Traveling is significantly hampered by the diverse jungle of rules in different countries. a human rights organization warns of the risks
QR codes containing health information on the Macao border in southern China were registered on September 29, 2020. Photo; AOP
Chinese President Xi Jinping proposes harnessing QR codes to promote global mobility during the Korona period, says BBC.
During the pandemic, the diversity of travel bans, quarantine rules, and corona test requirements worldwide has become a problem, as each state decides on its own rules.
A language barrier can also be an obstacle. When passengers present documents in a foreign language in the country of arrival, it can be challenging to certify them and verify them in testing laboratories.
Xi suggests that states agree on harmonized standards and rules for recording passenger health information in QR codes, such as corona tests.
Human rights watch has expressed concern that QR health codes could be harnessed to serve China’s surveillance machinery.
Square QR codes were in use when Macao arrived in China on September 29, 2020. In China, the beginning of October is a busy tourist season, as citizens get more than a week off in honor of National Day.
QR codes are already an integral part of Chinese everyday life
A QR code is a code mark consisting of squares, dots, and lines that contain information about an object or creates a link to a website, for example. In practice, therefore, they work in much the same way as barcodes printed on store-bought products.
Smartphones are commonly used to read QR codes.
QR codes have found their way into basic Chinese life – codes are used to pay for taxis, shopping, bills, or even rent shared bicycles. According to the news agency AFP, mobile payments in China are already running out of cash. For example, the technology giant Ant Group’s Alipay is used by an estimated 731 million people a month.
The codes are also widely used in Finland, for example, in train and movie tickets and for payment.
At a market selling fresh produce in Hangzhou, China, a customer scanned a QR payment code for shopping Photo: Alex Plavevski / EPA
Similar arrangements are envisaged elsewhere.
The World Economic Forum has also proposed a similar arrangement in conjunction with the non-profit The Commons project. More than a month ago, these parties presented a CommonPass application framework with the same logic.
According to the developers, in the CommonPass application, data is only stored on the user’s phone or retrieved directly from a source, such as the health information register.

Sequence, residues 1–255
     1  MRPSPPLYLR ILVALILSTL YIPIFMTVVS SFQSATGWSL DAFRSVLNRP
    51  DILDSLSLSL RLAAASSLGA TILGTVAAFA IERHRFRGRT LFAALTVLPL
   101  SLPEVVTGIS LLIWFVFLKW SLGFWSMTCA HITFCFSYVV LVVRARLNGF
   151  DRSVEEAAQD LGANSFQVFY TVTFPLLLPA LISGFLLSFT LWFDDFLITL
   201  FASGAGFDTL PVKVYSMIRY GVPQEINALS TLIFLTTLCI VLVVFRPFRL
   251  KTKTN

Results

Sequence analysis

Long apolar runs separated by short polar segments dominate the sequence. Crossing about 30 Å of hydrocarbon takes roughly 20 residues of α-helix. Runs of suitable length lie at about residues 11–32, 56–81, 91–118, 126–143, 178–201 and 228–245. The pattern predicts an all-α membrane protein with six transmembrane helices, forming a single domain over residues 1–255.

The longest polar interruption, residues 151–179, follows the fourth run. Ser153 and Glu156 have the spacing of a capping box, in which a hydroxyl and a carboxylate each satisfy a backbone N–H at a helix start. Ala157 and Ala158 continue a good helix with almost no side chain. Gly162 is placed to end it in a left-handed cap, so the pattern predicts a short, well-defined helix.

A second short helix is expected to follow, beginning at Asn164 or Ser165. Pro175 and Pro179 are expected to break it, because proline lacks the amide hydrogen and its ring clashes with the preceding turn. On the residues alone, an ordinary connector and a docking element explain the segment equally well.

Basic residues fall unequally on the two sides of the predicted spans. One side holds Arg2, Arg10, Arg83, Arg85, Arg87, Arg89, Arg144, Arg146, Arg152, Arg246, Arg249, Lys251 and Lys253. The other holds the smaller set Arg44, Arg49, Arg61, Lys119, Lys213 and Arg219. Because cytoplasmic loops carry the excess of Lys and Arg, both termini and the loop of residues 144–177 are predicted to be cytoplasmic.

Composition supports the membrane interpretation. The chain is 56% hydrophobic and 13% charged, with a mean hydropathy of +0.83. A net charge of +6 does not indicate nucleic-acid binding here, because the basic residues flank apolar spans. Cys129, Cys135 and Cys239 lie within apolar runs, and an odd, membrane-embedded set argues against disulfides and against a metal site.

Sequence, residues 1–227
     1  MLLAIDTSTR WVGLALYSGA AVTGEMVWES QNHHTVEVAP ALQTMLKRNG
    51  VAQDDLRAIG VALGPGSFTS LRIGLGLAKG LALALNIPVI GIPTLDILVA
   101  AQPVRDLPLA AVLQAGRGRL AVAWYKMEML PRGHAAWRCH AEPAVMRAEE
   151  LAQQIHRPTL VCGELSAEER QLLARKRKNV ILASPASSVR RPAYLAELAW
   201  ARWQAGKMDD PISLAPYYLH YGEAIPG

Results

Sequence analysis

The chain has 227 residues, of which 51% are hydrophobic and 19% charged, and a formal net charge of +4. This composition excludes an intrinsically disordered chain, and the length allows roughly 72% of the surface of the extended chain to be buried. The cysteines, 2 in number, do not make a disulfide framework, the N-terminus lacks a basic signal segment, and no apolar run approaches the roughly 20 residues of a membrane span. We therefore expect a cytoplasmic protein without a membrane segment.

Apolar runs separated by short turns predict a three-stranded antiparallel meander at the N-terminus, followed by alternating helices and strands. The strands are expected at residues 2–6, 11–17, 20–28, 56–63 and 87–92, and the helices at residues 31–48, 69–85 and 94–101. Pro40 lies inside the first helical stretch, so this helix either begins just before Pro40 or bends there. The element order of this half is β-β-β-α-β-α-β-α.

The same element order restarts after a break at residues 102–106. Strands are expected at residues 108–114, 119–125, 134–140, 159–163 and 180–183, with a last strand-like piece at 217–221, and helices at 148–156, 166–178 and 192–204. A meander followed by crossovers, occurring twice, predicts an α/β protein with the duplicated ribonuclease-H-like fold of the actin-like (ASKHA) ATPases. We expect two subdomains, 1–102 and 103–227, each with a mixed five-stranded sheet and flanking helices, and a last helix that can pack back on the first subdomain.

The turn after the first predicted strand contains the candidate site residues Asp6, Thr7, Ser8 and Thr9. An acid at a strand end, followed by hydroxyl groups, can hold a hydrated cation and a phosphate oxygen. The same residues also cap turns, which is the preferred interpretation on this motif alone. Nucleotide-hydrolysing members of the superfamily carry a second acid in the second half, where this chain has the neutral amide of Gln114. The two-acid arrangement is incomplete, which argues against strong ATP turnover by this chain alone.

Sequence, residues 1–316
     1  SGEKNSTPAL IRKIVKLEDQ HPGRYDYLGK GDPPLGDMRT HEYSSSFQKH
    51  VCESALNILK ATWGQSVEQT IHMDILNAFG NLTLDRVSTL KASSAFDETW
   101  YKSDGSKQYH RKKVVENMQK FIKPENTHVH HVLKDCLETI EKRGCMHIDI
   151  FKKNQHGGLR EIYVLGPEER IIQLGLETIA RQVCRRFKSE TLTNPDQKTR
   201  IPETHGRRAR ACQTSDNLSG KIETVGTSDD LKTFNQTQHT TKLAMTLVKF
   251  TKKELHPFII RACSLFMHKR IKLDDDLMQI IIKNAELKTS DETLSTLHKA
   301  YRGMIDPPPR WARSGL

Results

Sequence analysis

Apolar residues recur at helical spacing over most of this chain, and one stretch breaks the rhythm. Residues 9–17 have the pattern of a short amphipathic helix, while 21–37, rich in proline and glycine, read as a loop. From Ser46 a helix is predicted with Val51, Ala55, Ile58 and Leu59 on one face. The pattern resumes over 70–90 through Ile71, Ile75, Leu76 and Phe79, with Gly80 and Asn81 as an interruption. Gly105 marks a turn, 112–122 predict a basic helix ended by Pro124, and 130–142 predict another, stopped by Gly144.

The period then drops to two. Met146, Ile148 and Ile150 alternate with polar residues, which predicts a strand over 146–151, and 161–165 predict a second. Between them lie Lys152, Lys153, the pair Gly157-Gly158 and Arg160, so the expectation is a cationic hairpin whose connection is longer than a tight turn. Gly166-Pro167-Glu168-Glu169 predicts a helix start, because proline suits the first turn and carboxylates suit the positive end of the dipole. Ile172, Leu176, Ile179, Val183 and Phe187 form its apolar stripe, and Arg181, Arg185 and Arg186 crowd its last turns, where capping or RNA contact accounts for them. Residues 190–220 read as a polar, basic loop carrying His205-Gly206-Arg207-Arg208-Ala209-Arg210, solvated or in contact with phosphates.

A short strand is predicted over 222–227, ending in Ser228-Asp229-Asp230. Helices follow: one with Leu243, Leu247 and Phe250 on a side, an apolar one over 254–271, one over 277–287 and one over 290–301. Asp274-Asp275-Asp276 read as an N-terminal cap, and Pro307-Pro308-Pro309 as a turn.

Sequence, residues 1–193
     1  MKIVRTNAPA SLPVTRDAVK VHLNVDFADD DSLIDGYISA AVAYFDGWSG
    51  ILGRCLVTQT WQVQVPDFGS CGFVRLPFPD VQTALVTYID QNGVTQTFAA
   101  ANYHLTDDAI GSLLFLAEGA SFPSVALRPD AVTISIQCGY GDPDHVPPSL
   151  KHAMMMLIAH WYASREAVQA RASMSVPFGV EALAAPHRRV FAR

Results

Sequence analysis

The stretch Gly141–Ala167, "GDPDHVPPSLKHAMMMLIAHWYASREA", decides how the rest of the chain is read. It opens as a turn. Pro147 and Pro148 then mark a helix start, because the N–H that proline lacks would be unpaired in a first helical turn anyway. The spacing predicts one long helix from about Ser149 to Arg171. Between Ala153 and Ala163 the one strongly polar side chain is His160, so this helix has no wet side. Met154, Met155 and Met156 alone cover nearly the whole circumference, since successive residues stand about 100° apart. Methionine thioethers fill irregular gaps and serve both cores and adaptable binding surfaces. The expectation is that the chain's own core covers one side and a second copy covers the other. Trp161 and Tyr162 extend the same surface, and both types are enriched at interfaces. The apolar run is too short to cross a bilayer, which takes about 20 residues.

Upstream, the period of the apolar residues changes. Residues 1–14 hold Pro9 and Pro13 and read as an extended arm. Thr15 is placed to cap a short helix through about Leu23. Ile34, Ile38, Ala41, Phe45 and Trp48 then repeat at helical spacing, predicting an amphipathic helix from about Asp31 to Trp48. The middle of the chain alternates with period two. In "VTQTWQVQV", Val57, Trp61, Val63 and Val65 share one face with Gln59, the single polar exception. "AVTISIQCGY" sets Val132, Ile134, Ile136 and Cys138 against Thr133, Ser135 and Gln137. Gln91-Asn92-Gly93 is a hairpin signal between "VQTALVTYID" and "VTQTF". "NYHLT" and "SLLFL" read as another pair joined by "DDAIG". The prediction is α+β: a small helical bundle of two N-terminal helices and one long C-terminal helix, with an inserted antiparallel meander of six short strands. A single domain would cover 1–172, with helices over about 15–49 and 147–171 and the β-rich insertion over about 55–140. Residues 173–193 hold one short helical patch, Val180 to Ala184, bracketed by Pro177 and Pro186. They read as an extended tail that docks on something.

The application could be presented at the time of crossing the border or even when boarding an aircraft.
Health codes are already a common practice in China
Speaking at the G20 virtual meeting of wealthy states over the weekend, Chinese President and Communist Party Secretary-General Xi also stressed that China is ready to share the coronavirus vaccine it has developed with the world.
In China, the corona pandemic’s progression has been largely brought under control, with only a few domestic travel restrictions in place. In China, health codes have been used since February.
If the code is green, its owner can travel freely, but the user of the yellow or red code is awaiting quarantine, says Hong Kong-based South China Morning Post.
Human rights organization concerned
Kenneth Roth, director of Human Rights Watch, urges Twitter to be wary of the Chinese proposal on health codes. According to Roth, the original use could quickly turn into a so-called Trojan horse beyond political surveillance and discrimination.
According to Roth, QR codes involve similar risks as China’s control machinery and the so-called social scoring system for citizens.
If an individual gets a bad score in the scoring system, it may result in restrictions on, among other things, travel rights by air and train. Getting a loan can also be tricky.
A permanent version of a QR-code-based app has already been planned in Hangzhou, China, to help residents of the city score based on lifestyles, medical history, and health check-ups, the BBC says.
In addition to this, in Australia and Singapore, the codes have been used to trace infections, according to the BBC. They are used for logging in to jobs and restaurants, for example.
A surveillance camera was installed in Shanghai near the Bund riverside boulevard on August 24, 2020. PHOTO: Alex Plavevski / EPA
Supercomputers can process wild amounts of data a day
With advanced technology, monitoring and screening people are already commonplace worldwide, says The New York Times.
In China, artificial intelligence and genetic testing are used to identify ethnic minorities such as Uighurs. According to the newspaper, Chinese companies and authorities claim that the systems can also identify opposition to the Communist Party or religious radicalism.
With technology from the United States, the Xinjiang region runs some of the fastest supercomputers in the world. The magazine says they can be used to comb through more material a day than one person could handle in a year.